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Guest post: Wrestling with Columbus Day by Faith Jones

2010 October 11
by The Busy Signal

Faith Jones is the editor-in-chief of the television blog Life In High Definition.

Here in America, lack of understanding behind the holidays we celebrate is a troubling phenomenon. This is most obvious today, on which falls the most glaringly misunderstood, unnecessary holiday of all: the one in honor of Christopher Columbus.

In grade school we learned that Columbus Sailed the Ocean Blue in fourteen-hundred-ninety-two. Yes, he did. But then we all grew up, and many of us came to the realization that he was, in fact, responsible for laying the groundwork for the genocide of millions of indigenous peoples of what are now called the Americas and the Caribbean area. This is a fact, and we should not disregard facts in order to buy into popular mythology.

Today, I got into an argument with one of my peers about Columbus Day. Of course, I was arguing that, as an individual whose legacy is setting the stage for killing an entire race of people, Christopher Columbus (“explorer” and “navigator”), should not be any more celebrated than the predecessors of Josef Stalin or Slobodan Milosevic should be celebrated for their respective genocidal missions or “ethnic cleansing”.

I was not surprised, but no less disturbed, when he began to tell me that the Italian-Americans deserve a holiday when their culture is celebrated. I’m not going to sit here and argue whether any culture deserves or doesn’t deserve a federal holiday. Whatever my problems are with this way of thinking, I’ll go along with the idea that, since America is a country founded and based around immigration, every culture should be celebrated in some fashion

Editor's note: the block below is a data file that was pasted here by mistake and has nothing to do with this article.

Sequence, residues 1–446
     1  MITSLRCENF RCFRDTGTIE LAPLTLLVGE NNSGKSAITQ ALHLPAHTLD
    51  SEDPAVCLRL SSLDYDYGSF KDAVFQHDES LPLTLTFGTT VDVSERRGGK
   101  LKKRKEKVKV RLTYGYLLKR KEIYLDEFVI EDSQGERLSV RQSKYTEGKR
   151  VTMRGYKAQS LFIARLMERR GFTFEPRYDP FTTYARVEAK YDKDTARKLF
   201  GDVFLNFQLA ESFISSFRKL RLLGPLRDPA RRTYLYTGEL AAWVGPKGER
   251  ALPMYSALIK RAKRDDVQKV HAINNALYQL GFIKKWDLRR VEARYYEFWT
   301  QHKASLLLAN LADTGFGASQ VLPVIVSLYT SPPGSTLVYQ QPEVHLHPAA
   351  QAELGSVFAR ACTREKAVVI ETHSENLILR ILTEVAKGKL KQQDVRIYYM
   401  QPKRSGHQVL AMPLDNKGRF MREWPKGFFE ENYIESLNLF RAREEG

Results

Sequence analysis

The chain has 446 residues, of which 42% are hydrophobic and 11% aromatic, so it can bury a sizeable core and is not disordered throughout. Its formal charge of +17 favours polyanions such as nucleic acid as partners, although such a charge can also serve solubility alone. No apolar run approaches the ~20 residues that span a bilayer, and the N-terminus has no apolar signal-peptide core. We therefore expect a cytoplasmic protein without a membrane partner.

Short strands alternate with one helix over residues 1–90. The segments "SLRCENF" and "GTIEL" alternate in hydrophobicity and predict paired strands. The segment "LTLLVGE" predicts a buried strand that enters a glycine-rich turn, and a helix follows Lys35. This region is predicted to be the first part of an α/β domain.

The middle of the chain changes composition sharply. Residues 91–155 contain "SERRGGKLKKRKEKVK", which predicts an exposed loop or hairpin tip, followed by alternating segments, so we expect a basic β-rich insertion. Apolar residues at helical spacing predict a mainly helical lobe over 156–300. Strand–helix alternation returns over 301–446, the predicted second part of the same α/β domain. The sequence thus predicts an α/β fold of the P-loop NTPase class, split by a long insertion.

But why are people, knowing full well that Columbus didn’t discover America any more than I discovered Paris when I visited, giving him credit for anything? (Full disclosure: Paris was already populated by the time of my trip, but don’t let that stand in the way of my discovery). Also, why are Italian-Americans running around all excited about celebrating their culture during Columbus Day, as though it were some sort of turning point for the well-being of the Italian-American community?

Let’s put aside the genocide for a bit. Let’s also forget for a minute that America was “discovered” by Amerigo Vespucci ahead of Christopher Columbus…

Newsflash, people: although Christopher Columbus was Italian, he initiated SPANISH COLONIZATION. He was working for the Spanish crown, not its Italian counterpart. This should be obvious, since today’s people in Hispanola, where Columbus originally landed, are Spanish and French speakers, not Italian. If people were honest with their history and honest with themselves, the only ones who would be celebrating Columbus Day would be direct descendants of Spanish Colonizers, excited and thankful that their families are unimaginably wealthy due to the blood on their hands.

I cannot understand why cultures aside from the indigenous people of North America haven’t lobbied to the United States government in protest of the federal celebration of Columbus Day. Where are my Dominicans, who have Columbus to blame for a heritage that led directly to tyrants like Trujillo, who, in turn, are to blame for the heartbreaking “color wars” between Dominicans everywhere? Where are my fellow black Americans, and how come they aren’t raising hell about the racist symbolism the holiday employs and the colonialism that it commemorates?

While we’re at it, where are my Italian-Americans demanding a holiday that honors their trials and tribulations as an immigrant ethnic group in the United States, that educates people about Italian culture, that combats negative media stereotypes?

Why aren’t more people angry about this?

One Response
  1. Nephre Golden permalink
    October 11, 2010

    So many well taken points. There is so much wrong about this holiday….and it is so much at the root of what’s wrong with this country. Thanks for putting this out there!

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